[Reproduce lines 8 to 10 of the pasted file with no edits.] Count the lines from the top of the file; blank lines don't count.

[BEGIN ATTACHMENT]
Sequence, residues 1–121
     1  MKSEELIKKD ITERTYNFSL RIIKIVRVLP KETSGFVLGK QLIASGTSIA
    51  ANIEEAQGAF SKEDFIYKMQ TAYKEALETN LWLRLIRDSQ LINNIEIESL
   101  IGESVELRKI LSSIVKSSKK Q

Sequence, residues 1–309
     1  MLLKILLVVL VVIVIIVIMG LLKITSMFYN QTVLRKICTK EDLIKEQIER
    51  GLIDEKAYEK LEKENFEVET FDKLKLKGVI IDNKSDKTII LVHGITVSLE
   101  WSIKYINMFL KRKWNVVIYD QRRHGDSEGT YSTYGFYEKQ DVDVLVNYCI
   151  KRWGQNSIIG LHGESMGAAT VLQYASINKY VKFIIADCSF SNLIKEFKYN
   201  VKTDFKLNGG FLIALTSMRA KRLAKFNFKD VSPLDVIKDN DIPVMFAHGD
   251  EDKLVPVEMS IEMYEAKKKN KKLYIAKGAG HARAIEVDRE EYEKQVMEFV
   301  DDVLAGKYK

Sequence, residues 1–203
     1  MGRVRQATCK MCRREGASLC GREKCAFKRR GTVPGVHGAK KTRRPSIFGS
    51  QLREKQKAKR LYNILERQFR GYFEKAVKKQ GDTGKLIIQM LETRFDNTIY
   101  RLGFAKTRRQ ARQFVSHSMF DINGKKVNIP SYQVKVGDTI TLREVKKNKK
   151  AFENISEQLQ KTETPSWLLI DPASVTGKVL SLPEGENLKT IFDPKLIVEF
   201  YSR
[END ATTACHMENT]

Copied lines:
   101  WSIKYINMFL KRKWNVVIYD QRRHGDSEGT YSTYGFYEKQ DVDVLVNYCI
   151  KRWGQNSIIG LHGESMGAAT VLQYASINKY VKFIIADCSF SNLIKEFKYN
   201  VKTDFKLNGG FLIALTSMRA KRLAKFNFKD VSPLDVIKDN DIPVMFAHGD